January 4, 2010

Biologics Transform RA Outlook

By Kelley Luckstein

When MedPage Today contacted Joan Von Feldt, MD, to talk about the changes she'd witnessed in rheumatoid arthritis (RA) care in the past 25 years, she offered one piece of advice:


"I hope, in your article, you reflect the excitement that rheumatologists have in managing this disease, because it's so much more satisfying," said Von Feldt, a rheumatologist at the University of Pennsylvania…


For RA patients in the mid-1980s, the gold standard for treatment was, in fact, gold…


Gold was not a pleasant drug to take. Injectable versions induced mouth sores, skin rashes, and itching, while diarrhea was common with oral formulations. It remains available but is seldom prescribed. "Gold is best used by a jeweler or a banker," laughed Eric Matteson, MD, of the Mayo Clinic, when asked if he ever considers it…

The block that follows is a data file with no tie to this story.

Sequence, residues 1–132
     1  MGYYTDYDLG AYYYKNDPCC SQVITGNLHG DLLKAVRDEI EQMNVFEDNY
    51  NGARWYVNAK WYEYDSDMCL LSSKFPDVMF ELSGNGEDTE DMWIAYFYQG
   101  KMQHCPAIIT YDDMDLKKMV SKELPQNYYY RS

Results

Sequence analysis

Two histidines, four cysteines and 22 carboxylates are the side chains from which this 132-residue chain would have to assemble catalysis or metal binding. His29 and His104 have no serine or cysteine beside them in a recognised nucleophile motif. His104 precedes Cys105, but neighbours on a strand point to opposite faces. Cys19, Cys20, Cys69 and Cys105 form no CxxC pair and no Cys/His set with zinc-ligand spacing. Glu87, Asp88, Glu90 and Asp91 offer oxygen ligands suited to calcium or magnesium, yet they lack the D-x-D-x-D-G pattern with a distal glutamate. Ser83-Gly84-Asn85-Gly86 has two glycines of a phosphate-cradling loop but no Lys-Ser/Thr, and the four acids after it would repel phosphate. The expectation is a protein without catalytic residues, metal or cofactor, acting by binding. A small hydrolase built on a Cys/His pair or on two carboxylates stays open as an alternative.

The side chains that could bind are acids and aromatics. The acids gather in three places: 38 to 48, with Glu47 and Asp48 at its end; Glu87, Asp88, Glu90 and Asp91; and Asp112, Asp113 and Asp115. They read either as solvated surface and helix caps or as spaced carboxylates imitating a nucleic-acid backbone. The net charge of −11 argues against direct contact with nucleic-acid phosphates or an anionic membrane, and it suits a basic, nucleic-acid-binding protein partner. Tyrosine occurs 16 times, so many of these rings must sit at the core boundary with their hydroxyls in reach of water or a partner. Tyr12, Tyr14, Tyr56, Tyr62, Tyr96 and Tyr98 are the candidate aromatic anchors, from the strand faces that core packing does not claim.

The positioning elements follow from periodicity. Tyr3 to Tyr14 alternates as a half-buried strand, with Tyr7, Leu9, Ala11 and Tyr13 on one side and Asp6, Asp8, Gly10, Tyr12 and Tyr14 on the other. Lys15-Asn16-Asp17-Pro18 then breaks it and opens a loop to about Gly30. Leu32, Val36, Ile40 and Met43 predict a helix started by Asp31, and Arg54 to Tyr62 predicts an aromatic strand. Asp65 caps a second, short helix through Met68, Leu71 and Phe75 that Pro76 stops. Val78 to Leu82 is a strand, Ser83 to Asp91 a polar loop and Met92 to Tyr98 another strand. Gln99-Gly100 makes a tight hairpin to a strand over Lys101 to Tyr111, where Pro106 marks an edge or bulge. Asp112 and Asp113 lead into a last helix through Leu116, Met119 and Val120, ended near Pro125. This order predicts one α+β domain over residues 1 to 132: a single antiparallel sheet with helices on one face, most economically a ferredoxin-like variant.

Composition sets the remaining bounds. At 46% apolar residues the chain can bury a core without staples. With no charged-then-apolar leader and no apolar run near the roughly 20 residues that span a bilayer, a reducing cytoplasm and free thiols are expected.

Rheumatologists also agreed that tools for evaluating RA patients had improved markedly, if not so dramatically as treatments have. Diagnosis and monitoring had been mainly a clinical art in the 1980s. Now, said Matteson, "we've become more comfortable with more formal assessments of disease activity."


MedPage Today, by John Gever,


Additional coverage:

ABC News

Tags: gold, rheumatoid arthritis, Rheumatology

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